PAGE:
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Padco Supplies Midas PRO6 Digital Mixing System For Europe-Wide Gospel Tour
"The control surface, which works with all the parameters of a channel strip, is very intuitive, and the POP(ulation) groups make it easy and clear, bringing everything to where you want it on the console." - Werner Schmidl
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German rental company Padco has supplied a Midas PRO6 for a spectacular European tour by Queen Esther Marrow and the Harlem Gospel Singers. The tour, which moved through Denmark, France, Austria, Switzerland and Germany, ended in Belgium at the end of January.

Putting the system through its paces on this brilliantly vibrant show was German Front of House Engineer Werner Schmidl who, by his own admission, didn’t get to choose the audio equipment on this tour.

“As someone who was used to using another brand of digital console, it was hard to convince me, especially as I only had a few hours to get into the PRO6,” he says. “However Lars Lüdemann (from Midas’ German distributor Mega Audio) did a great job in training me quickly. The whole system can be easily set up in a few minutes. The PRO6 is very logical and user friendly to operate.

“The control surface, which works with all the parameters of a channel strip, is very intuitive, and the POP(ulation) groups make it easy and clear, bringing everything to where you want it on the console.

“The EQ and dynamics function in a similar way to their analog counterparts, and for the first time I experienced an EQ which did exactly what I expected. It was also a great idea to provide a choice of different compressors. I’ve never worked on a digital desk which sounded as good as the PRO6.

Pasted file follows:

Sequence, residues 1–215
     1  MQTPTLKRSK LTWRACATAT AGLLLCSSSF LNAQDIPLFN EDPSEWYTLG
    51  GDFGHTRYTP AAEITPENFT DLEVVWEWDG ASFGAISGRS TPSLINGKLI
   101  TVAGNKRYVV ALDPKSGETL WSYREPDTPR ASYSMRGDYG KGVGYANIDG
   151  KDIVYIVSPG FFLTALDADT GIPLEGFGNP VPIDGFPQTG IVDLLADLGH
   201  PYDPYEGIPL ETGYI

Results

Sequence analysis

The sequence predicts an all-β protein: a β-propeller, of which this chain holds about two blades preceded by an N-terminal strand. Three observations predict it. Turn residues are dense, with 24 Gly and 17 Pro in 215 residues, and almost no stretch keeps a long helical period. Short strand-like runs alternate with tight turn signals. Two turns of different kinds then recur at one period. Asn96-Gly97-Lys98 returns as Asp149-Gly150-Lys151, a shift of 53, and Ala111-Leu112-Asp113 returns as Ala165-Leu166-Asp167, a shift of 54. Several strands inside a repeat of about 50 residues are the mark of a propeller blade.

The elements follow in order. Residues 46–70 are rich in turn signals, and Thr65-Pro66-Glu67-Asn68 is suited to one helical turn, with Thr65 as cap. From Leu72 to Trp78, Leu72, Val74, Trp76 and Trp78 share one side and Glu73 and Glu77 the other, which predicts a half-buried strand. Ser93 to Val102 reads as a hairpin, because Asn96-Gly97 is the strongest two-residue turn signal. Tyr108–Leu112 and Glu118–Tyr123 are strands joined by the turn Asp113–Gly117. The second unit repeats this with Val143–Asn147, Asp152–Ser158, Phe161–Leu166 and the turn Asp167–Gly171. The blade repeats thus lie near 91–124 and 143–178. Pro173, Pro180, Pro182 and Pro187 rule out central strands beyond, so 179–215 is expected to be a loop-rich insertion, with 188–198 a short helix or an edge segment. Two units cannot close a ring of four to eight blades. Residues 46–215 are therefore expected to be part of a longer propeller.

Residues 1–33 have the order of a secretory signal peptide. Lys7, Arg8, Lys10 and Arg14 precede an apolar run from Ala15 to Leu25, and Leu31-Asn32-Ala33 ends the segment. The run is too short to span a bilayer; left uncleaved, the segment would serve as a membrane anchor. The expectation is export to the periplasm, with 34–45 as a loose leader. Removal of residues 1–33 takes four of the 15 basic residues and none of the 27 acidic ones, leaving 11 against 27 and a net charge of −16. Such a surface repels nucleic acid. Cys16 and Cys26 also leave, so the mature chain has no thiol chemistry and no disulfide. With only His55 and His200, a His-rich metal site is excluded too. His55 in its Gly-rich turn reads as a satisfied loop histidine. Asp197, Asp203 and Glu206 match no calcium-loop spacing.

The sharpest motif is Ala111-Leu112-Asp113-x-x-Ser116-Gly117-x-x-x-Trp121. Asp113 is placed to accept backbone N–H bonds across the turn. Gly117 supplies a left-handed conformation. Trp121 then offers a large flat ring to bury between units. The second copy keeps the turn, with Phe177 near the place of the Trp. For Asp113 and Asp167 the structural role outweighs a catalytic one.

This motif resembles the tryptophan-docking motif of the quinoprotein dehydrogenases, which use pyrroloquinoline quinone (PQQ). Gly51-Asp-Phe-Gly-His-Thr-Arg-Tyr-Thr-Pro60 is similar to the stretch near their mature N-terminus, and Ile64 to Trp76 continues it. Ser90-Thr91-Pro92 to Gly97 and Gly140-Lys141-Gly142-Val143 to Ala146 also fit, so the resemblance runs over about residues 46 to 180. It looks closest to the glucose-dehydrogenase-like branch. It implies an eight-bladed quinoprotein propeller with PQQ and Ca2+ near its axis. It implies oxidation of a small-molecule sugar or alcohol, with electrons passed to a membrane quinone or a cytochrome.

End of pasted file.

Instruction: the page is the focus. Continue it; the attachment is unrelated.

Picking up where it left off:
“In total I had just 33 Inputs from the stage, 22 for Instruments and 11 for choir and solo vocals,” Schmidl continues. “This meant I could play around with the possibilities the VCA and POP(ulation) groups offered.

“I only needed to use one button for all vocals, one for choir, one for each of the keyboard players, the drums, the whole band etc I thought of using snapshots, but the POP(ulation) and VCA groups gave me everything I needed at my fingertips, so It was easier to work without them. The desk’s reverb and delays sounded nice and natural, and the reverb gave the choir a warmth which I combined with some delay effects if needed.

“But what really surprised me was the multiband compressor. I used it on Queen Esther’s vocal and was overwhelmed by the quality. It did what I needed, without influencing the color of her voice,” he concludes. “The possibility of splitting the PRO6’s control surface allowed me to have all Instruments and the choir on the left side of the desk and Queen Esther and effects on the right side, switching POP and VCA for each side independently. It was great fun and very clear to work with, and there was no need for big outboard racks at FOH.”

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